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It is almost impossible to ignore an itch anywhere on the body and the problem becomes even more distressing if it occurs in areas that are hard to reach or view. An itch in your ears is a good case in point.
Common Causes of Itchy Ears
The most frequent cause of itchy ears is irritation in the lining of the outer ear canal, such as a form of eczema. (1) This can be caused by water getting trapped or an infection in the ear.
Once the itch has started, it can be hard to eradicate. A number of factors can make your ears itchy, which include:
- Skin conditions such as dermatitis or psoriasis (2)
- An allergic response to a new hair or skin product and earrings that contain nickel
- Fungal infections (3)
- Changes in atmospheric pressure
- Wax buildup, which can cause water to become trapped in the outer ear canal, consequently irritating the lining of the ear canal and causing inflammation, with the classic symptom of itchiness
Ear Cleaning: Dos and Don’ts
Your ears are self-cleaning organs that naturally expel the excess wax and other impurities settled in the ear canal. Thus, there is no need to use ear-cleaning tools such as cotton buds and Q-tips, which will only push the wax further inside and might even damage the delicate inner lining of the ear or the eardrum.
However, if you feel like your ears are clogged, unclean, or scratchy due to cerumen buildup, you can use your shower on a cool setting to irrigate the ear from the outside or go swimming. It is best if you consult your ear, nose and throat surgeon, who will use a microscope and gentle suction to remove the wax.
Preventive Measures for Itchy Ears
People who are prone to itchy ears should adopt the following measures to keep their ears clean, dry, and itch-free:
- The critical thing with itchy ears is to avoid getting water trapped in the ear and to have some mild steroid cream available to use at night. So, when you are swimming or showering, consider using earplugs if you are prone to itchy ears.
- You can also effectively keep your ear dry by placing a ball of cotton wool rubbed in Vaseline into the bowl of your outer ear.
- Regularly have your ears checked by an ear, nose and throat surgeon to make sure your ear canal is not blocked.
- A mild steroid cream applied to the ear canal at night is usually very effective in treating itchy ears. This can be bought over the counter at a pharmacy, although stronger creams will need a prescription from your ear, nose, and throat surgeon.
Do Any Food Items Lead to Itchy Ears?
Food allergy very rarely causes ear itching, although it is a common cause of skin eczema, especially in the young.
Relation Between Itchy Ears and Sore Throat
The throat and ear are inextricably linked by the same nerve supply, mainly the glossopharyngeal nerve. A sore throat can be felt like a sore ear, but the itchiness can be another way of interpreting this referred pain.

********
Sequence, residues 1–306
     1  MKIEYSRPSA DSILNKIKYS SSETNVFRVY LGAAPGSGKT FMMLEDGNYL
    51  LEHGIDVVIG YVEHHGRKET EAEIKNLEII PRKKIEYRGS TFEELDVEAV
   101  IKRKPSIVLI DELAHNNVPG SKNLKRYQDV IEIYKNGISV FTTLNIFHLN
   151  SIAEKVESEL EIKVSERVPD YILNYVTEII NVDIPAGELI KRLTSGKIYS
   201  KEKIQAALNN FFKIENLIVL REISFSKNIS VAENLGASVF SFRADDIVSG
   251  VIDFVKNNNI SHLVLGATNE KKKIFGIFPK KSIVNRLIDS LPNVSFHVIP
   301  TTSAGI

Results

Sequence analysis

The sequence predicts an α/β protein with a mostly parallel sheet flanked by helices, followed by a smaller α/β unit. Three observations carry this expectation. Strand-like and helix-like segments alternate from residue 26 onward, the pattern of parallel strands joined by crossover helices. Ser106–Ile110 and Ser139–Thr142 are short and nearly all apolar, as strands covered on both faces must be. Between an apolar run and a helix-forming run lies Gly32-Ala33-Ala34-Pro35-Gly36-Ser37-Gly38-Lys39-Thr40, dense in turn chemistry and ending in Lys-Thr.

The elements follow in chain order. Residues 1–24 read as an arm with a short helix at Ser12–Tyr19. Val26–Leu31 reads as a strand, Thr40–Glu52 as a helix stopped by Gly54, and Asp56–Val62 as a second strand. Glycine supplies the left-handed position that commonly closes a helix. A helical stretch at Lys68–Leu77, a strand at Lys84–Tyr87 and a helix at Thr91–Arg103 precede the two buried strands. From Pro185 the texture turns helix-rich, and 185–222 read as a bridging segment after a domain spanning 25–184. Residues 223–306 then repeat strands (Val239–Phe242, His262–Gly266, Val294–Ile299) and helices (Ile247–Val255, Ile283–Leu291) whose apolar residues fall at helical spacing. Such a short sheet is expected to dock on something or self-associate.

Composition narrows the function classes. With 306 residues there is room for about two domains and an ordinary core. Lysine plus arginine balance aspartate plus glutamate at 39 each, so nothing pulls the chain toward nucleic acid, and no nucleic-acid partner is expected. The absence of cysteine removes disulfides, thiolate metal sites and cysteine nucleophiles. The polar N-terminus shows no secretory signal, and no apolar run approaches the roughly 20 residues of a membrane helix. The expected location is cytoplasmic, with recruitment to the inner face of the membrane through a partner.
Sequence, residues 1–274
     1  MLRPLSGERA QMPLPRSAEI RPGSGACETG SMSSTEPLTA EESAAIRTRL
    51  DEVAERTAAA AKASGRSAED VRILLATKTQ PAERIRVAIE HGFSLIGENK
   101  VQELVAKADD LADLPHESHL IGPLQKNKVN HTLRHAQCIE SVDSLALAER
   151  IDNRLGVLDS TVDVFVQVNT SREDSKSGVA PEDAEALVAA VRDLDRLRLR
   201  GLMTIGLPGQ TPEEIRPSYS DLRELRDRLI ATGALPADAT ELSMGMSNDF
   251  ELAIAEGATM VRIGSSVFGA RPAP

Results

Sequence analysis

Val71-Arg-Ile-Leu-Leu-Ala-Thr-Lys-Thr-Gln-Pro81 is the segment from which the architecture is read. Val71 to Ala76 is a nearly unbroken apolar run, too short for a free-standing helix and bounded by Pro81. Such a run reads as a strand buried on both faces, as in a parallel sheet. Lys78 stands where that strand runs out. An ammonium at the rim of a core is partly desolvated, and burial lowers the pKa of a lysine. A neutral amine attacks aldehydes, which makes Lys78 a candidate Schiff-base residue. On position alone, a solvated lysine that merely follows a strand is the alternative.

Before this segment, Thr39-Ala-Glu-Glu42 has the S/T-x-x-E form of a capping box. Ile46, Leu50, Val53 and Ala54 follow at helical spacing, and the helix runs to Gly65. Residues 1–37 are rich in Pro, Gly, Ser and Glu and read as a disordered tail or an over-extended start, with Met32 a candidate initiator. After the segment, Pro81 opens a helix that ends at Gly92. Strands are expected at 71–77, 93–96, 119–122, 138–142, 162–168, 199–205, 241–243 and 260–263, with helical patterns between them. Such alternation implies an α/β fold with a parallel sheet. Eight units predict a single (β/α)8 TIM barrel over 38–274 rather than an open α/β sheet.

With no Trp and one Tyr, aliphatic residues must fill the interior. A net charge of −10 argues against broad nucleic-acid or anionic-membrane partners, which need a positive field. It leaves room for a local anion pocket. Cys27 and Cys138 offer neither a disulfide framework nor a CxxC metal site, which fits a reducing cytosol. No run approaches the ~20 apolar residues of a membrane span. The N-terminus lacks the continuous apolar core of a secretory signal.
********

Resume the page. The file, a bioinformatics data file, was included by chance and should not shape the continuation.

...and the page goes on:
Itchy Ears in the Wake of a Common Cold
The common cold can cause disordered ear sensation, including itchiness, due to the inflammation of the nose. Such inflammation causes a blockage, which directly affects the function of the Eustachian tube.
The Eustachian tube runs from the back of the nose to the ears on each side. If the tube is blocked, then the ears become blocked, which can also be interpreted as itchiness.
Dizziness Related to Itchy Ears
The ears have two primary functions: hearing and balance sensation. Any problem in any part of the ear can trigger the general feeling that the ear is not working properly. This can cause slight hearing loss, mild dizziness, and tinnitus (ringing/noises in the ear).
Itchy Ears During Pregnancy
Pregnancy often sets off a condition called pregnancy rhinitis, wherein swelling and blockage occur in the nose. This can cause blockage of the Eustachian tube with subsequent ear blockage and itchiness.
Use Your Own Earphones
Itchy ears are not infective, so using someone else’s earphones is not a problem.
However, it is always better to use your own as everybody has their own set of bugs in the ears, even in healthy ears. You wouldn’t use a spoon that someone else has licked, would you?
Beneficial Oils for Treating Itchy Ears
Some oils can help relieve itchiness in the ear canals, just like they can help ease skin itchiness. Olive oil, for instance, has been found useful in this regard. (4)
Don’t Put Hydrogen Peroxide in Your Ears
It is not a good idea to use hydrogen peroxide in the ear, as it is quite a reactive and irritant compound.
You may use sodium bicarbonate ear drops, which help to disperse wax. Otherwise, oil-based liquids such as olive oil are well tolerated and help to soothe the irritated skin of the ear canal. (4)
Avoid Artificial Ear Jewelry
Ear itchiness when wearing ear jewelry is usually caused by contact dermatitis, mainly due to the nickel in the jewelry. In this situation, it is best to buy solid silver or gold jewelry.
An itch in the ear can be extremely uncomfortable and impossible to ignore, but a lot of people make the condition worse by poking their ear with sharp objects, such as cotton buds, bobby pins, coat hangers, and toothpicks, to quell the itch.
As difficult it is to resist the urge to scratch, you must realize that your ear cavity is extremely sensitive, which can incur severe trauma through the abrasive rubbing action of invasive tools.
Moreover, the thrusting of these objects can push the naturally occurring cerumen (earwax) deep into the ear canal and even damage or perforate the eardrum. Thus, you have to be extremely gentle and cautious when handling the inside of your ear.
If the itch is persistent, consult an ENT specialist to determine the underlying cause and then seek appropriate treatment.